Times Square hacker hoax revealed to be viral ad

Remember the man who put his face on those New York video billboards via transmitter? It was an ad for "Limitless"

By Drew Grant
Published March 17, 2011 4:18PM (EDT)
Pushing the limits
Pushing the limits

On Monday, a YouTube clip surfaced showing a man hacking into the video billboards in Time Square and putting himself on the screens, using only his cell phone, a "transmitter," and a red balloon. We determined the video was a hoax, since those digital ads go through a computer system that would require access codes, and wouldn't simply play images that had been "transmitted" to them through an outside source.

Now the truth is out: the video was a viral ad for the movie "Limitless" starring Bradley Cooper. A new clip was uploaded by the same user yesterday, with the following description of his stunt:

"Here is how I did: I took NZT. It's a pill that allows me to use 100% of my brain. It enabled me to create this revolutionary transmitter & repeater. One pill a day and you are limitless :)"

NZT is the drug featured in the Bradley Cooper movie "Limitless," about a man able to use 100 percent of his brain after taking a pill. But how were viewers supposed to associate the original video (which didn't mention NZT but did show a shot of a video billboard for "Limitless" getting hacked) together with the film?

In a New York Times article today, the men behind the ad were revealed to be James Percelay and Michael Krivicka, employees of the viral video agency called Thinkmodo. They don't believe in things like "frontal assaults," otherwise known as "showing people the product you are selling":

“You are getting your message across, but it’s tangential; it’s not a direct frontal assault,” said Mr. Adee, adding that the do-it-yourself look and feel of the video is also an important element. “You don’t have to make it perfect; if anything, that would hurt it. It has to feel organic. It has to feel original.”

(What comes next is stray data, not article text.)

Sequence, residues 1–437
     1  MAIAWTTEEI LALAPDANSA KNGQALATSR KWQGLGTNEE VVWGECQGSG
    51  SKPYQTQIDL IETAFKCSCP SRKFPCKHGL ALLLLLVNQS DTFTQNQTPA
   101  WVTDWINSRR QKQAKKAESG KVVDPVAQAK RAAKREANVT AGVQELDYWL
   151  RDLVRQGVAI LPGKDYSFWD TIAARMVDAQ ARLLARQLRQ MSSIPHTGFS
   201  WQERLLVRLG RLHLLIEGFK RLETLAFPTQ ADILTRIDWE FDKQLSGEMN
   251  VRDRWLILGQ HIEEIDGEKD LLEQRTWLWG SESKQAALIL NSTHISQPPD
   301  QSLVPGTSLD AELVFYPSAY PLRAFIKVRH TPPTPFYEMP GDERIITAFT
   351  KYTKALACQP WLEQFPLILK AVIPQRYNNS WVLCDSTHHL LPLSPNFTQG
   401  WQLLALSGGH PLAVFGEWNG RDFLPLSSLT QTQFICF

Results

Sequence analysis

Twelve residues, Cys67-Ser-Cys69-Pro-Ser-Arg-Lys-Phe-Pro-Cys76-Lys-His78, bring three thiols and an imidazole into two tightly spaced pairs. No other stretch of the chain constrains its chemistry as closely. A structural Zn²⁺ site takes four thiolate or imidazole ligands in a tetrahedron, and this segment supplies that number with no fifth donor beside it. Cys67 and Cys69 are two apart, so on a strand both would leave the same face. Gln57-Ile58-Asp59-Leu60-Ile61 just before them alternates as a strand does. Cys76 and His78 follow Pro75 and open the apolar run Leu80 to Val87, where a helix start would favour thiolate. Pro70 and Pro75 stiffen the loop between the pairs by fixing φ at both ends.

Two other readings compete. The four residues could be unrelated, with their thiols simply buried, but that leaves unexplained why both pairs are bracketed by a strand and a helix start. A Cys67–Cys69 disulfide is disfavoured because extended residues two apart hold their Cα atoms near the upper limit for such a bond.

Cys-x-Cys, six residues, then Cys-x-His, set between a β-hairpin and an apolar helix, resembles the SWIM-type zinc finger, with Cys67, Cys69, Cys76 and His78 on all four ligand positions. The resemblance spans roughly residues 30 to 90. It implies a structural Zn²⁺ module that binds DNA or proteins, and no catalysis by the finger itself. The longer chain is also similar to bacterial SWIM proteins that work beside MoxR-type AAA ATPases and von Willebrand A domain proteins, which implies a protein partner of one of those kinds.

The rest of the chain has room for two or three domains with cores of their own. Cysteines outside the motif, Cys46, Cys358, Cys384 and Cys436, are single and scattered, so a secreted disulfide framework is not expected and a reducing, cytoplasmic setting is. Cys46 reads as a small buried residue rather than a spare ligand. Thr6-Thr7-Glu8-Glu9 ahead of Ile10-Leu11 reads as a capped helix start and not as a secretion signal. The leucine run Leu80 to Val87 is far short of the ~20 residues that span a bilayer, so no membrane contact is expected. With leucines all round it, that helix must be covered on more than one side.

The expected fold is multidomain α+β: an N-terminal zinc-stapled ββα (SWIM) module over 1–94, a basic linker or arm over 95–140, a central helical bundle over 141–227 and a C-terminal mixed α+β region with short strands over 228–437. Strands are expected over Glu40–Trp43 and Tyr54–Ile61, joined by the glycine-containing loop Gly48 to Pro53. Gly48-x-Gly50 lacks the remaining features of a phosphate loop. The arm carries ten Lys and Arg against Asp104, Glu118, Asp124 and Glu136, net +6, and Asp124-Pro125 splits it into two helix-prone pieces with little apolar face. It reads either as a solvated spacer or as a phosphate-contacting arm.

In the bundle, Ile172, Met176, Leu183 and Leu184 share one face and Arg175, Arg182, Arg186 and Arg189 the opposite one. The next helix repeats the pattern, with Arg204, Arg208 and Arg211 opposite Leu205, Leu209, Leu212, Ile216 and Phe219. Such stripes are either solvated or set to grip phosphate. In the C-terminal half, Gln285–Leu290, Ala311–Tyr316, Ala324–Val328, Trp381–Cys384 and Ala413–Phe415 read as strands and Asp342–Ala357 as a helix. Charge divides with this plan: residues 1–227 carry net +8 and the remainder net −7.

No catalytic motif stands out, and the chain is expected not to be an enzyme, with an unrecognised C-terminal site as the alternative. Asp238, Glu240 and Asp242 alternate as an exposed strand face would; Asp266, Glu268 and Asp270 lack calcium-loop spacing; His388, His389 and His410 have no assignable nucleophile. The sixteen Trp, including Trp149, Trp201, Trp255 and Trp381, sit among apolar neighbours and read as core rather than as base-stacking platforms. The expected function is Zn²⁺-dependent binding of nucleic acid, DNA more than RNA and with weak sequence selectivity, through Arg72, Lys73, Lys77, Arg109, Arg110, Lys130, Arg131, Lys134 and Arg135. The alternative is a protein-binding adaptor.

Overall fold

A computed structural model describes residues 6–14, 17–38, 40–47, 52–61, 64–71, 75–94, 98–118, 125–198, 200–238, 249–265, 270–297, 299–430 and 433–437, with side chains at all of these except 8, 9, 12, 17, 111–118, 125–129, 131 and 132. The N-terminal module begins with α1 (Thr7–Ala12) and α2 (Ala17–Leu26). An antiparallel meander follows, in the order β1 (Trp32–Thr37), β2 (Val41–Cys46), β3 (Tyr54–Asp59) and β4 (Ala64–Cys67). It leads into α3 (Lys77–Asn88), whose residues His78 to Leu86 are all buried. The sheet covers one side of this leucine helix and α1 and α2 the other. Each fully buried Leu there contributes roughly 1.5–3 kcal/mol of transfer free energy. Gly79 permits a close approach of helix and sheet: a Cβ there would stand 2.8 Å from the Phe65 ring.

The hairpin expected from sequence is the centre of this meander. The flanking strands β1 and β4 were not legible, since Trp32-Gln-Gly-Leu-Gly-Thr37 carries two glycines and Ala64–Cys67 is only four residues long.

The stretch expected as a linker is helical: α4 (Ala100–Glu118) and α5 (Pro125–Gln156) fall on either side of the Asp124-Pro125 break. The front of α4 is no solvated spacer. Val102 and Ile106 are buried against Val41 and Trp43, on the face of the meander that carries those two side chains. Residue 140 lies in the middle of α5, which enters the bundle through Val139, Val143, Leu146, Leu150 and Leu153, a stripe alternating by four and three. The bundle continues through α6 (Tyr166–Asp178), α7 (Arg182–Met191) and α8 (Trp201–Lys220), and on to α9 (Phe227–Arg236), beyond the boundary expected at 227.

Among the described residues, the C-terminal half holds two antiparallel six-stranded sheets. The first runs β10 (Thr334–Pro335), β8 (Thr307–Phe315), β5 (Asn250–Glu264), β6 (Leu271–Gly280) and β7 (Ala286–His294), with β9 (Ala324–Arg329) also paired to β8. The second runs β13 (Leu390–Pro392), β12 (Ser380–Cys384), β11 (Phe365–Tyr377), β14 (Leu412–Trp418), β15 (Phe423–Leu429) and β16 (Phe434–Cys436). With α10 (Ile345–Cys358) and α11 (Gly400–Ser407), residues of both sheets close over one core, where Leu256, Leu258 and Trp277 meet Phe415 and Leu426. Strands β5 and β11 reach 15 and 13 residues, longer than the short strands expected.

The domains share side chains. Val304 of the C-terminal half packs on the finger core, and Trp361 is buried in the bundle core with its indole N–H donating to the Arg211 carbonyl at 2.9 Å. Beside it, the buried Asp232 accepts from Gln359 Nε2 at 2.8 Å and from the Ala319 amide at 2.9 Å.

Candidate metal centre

Added Mr. Percelay:

“We’re pushing the engagement of an idea which leads you then to the product,” he said. “It just is a whole new mind-set where you don’t have to wrap everything up in a bow and if you don’t, people are going to be a lot more interested in you and what you’re selling and what your message is.”

And as a tipster pointed out, we were wrong about how the stunt was pulled off: it wasn't edited in post-production, but rather the team rented out the screens to loop images which would intermittently sync with the iPhone's.

"The actor was familiar with the timing of the 'hacks,'” said Thinkmodo founder Michael Krivicka, "We did hundreds of takes on each screen.”

Clever trick, but one that shows how fundamentally annoying viral advertisement can be. When you have to do extra research to find out what some company is trying to sell you, it takes some of the fun out of well, being sold to. Yes, ads can be in your face and obnoxious, but I don't want to waste my time hunting down clues about why orange bikes are suddenly popping up all over the city, only to have find out it's a weird DKNY ad for Fashion Week.


Drew Grant

Drew Grant is a staff writer for Salon. Follow her on Twitter at @videodrew.

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